There are lots of variables in this question and common sense reigns supreme. A horse in light work, or a horse that is retired won’t need as much hay as a high performance horse. Young and older horses, highly bred horses such as Thoroughbreds may need more hay to maintain their weight than a seven year old Quarter Horse that seems to gain weight on thin air. A general rule of thumb is one bale per day per horse, through winter. The latter horse won’t need second cut as it would be too rich for him, but the high performance horse will appreciate the higher protein level of 2nd cut. So what should you buy and how much? Have the hay tested at your local Extension Office to indicate what its nutritional status will add to your horse’s diet and consult your vet as to quantity based on your individual horse. Factors of general health, age, workload, breed and general nature vary from horse to horse and by treating each horse as an individual you will keep them in optimum health and not waste money. If you have limited grass for example, you will need more hay storage space. If you feed grain you may need less hay. 1st cut is generally cheaper than 2nd and if you can save a dollar or so a bale then go ahead if it makes sense.
Remember quantity discounts will save you money and so aside from the convenience of not making repetitive runs to pick up hay or have it delivered, the more hay storage you have the more you can save cost wise.
Loft or Not?
There are advantages and disadvantages to hay storage in a loft. The advantages are it is a great use of the space in the top of your building, and with vents added to each gable end and a cupola on the ridgeline of the building, air circulation can be maintained to ensure the hay stays ‘happy.’ It is convenient to add drop down doors above each stall so hay can just be tossed down which saves sweeping up hay from the aisle-way everyday. The disadvantages are the hard work it takes to move the hay to the second level to stack it, (purchasing a conveyor is best or your hay vendor may bring one along and stack it for you), how much weight the floor of the loft can take safely, and that you are creating an environment above the horse’s stalls for dust to accumulate and vermin to live.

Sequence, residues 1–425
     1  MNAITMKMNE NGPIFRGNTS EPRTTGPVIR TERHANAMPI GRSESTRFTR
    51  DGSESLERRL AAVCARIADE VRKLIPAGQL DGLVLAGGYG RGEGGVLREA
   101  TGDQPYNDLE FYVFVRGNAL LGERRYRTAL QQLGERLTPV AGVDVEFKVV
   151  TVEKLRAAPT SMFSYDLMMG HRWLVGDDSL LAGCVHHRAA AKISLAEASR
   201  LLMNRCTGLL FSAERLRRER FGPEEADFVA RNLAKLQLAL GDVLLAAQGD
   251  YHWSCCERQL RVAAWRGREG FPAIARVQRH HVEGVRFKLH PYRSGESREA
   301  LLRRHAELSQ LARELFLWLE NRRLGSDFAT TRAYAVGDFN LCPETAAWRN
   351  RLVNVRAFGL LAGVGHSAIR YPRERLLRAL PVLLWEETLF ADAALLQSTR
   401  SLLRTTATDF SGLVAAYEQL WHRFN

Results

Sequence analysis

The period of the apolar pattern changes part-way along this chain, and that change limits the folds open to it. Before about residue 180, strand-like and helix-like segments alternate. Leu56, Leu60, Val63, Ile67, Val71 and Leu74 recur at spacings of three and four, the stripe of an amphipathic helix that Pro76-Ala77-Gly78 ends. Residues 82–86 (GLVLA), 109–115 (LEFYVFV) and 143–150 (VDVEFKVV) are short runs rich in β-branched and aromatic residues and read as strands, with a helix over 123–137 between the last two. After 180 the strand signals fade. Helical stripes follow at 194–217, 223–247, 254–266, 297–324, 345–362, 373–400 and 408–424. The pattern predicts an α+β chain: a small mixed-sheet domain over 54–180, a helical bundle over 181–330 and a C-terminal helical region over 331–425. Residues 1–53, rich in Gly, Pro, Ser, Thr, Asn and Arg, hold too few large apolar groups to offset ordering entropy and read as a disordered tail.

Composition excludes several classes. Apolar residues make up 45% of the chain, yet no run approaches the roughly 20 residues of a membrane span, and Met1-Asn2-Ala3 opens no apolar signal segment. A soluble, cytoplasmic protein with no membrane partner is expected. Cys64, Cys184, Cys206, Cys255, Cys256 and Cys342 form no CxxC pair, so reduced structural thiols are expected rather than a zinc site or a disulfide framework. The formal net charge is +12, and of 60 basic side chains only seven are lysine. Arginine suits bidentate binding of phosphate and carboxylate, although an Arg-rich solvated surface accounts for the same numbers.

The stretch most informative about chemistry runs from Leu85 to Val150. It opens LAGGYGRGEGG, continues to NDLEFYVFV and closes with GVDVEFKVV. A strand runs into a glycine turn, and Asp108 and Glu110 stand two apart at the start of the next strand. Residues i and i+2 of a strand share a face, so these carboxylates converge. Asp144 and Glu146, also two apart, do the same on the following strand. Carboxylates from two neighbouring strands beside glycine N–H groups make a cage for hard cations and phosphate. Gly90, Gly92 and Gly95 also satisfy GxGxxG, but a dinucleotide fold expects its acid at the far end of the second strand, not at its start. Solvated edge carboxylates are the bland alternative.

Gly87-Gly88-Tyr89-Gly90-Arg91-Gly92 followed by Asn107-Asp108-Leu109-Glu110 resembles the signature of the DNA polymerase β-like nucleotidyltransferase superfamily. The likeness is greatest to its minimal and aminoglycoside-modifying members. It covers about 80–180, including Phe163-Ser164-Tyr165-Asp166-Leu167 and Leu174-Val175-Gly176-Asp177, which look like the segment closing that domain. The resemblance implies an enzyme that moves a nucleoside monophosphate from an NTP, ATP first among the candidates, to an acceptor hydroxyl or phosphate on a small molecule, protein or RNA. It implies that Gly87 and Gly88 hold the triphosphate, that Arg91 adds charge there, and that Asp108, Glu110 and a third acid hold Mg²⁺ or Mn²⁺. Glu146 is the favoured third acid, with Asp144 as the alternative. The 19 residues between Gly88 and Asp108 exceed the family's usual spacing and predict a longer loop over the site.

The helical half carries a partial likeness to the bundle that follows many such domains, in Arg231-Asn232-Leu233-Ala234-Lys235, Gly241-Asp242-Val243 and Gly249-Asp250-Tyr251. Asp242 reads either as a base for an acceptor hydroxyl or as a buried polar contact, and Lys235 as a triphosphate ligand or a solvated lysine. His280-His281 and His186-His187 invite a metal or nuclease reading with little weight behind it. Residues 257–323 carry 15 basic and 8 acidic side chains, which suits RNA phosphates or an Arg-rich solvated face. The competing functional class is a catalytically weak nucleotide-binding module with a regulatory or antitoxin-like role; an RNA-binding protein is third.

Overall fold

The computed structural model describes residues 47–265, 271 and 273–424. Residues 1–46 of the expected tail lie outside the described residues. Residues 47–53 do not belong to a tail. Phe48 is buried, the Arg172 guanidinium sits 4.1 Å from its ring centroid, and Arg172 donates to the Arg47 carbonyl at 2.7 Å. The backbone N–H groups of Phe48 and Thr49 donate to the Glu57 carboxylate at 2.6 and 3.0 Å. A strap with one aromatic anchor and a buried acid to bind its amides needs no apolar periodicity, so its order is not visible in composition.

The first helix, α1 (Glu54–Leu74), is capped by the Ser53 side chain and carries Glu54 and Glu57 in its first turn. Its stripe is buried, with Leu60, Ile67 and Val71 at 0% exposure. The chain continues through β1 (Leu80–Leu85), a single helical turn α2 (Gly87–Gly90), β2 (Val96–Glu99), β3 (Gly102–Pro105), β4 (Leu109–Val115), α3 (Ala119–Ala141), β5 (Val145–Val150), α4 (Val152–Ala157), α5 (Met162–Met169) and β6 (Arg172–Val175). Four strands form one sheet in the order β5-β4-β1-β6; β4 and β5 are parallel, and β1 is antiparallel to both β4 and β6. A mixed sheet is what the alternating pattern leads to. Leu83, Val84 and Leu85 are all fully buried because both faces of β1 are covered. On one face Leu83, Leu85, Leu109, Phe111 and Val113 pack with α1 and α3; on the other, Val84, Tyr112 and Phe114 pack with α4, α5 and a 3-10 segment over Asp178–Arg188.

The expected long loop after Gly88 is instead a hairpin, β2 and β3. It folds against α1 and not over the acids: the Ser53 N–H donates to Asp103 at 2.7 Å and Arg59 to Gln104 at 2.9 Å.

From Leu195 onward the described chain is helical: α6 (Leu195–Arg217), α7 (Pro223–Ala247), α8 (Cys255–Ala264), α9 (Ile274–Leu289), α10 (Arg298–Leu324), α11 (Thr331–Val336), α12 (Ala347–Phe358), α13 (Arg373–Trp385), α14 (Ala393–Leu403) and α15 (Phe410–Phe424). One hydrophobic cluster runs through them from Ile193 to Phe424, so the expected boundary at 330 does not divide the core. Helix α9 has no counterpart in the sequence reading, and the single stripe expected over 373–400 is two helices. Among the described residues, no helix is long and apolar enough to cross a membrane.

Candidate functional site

Many older barns have loft storage but it may not have been intended for machine made bales. Back in the day the hay was forked loose into the space and had less weight. If you have an old barn be certain to check the viability of the floor and its strength to be certain not to overload the structure.
At Horizon Structures the loft floors will take 60 pounds per square foot. Based on this factor if your bales weigh an average of 40 pounds, 36 x 16 x 18 inches in size (6 cubic feet), and you have a loft space 10 foot high and 12 x 12 foot square, you should comfortably fit 200 bales at 56 lbs per square foot.
If you have a storage space in the building on ground level, such as a 12 x 12 stall with a 10-foot wall, then the number will be the same. If you are possessed you could possibly fit more, even 216 and still maintain a 10% margin of safety, but it is advisable to err on the side of safety.
Naturally if the bales are larger the number will be less. For example, a Horizon Structures customer explained she was able to store 150 bales in the same space. This would indicate that the bales were 9.6 cubic feet per bale.
As you can see, size matters, but this gives you a guideline.
If you have any concerns that your hay once stored is building heat then do not attempt to take apart the stack but call the Fire Department. Hay that is baled at too high moisture content, can spontaneously combust. As it starts very slowly to combust there will be a distinct smell. If you reach your hand between the bales and feel significant heat then the process may have started. If you pull bales out of the stack, the influx of oxygenated air may cause it to ignite quickly.
Be aware that if you buy hay directly out of the wagons and it has only been cut a few days, the hay will sweat. This is normal. The hay moisture content will increase a few percent and then return to its original measurement. For this reason, it is prudent to buy hay that is not fresh off the field, especially if you have a confined space in which to store the supply.
How can you test moisture content yourself? You can purchase a hay moisture tester for approximately $120-145 from a tractor dealer or online.
The joy of keeping your horses in your own backyard cannot be overstated. It is a lot of work, but it brings you more time with your horse, more control over his care and tremendous satisfaction. It is always worthwhile to educate yourself as much as possible and ask professionals for their advice. If you have questions check out our catalog at The Perfect Barn or give the friendly Horizon Structures team a call at 1-888-44SHEDS or 610-593-7710. https://www.horizonstructures.com